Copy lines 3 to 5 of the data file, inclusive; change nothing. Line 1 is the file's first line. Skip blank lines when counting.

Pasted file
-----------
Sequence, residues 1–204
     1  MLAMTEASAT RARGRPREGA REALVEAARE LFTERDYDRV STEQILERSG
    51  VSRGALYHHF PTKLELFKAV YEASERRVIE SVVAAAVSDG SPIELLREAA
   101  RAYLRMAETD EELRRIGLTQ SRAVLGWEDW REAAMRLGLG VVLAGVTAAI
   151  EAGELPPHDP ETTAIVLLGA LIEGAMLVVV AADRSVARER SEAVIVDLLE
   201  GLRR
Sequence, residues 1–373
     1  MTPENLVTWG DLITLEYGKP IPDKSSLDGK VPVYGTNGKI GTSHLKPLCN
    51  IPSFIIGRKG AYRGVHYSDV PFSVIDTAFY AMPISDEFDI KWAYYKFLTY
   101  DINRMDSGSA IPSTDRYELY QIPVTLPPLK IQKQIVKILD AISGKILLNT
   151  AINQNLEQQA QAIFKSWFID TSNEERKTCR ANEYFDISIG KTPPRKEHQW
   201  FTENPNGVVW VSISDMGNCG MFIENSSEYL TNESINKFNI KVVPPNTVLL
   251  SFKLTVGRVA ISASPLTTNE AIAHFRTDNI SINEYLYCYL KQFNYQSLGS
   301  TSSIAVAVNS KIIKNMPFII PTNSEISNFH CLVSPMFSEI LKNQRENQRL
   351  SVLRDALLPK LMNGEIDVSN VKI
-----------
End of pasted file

    51  VSRGALYHHF PTKLELFKAV YEASERRVIE SVVAAAVSDG SPIELLREAA
   101  RAYLRMAETD EELRRIGLTQ SRAVLGWEDW REAAMRLGLG VVLAGVTAAI
   151  EAGELPPHDP ETTAIVLLGA LIEGAMLVVV AADRSVARER SEAVIVDLLE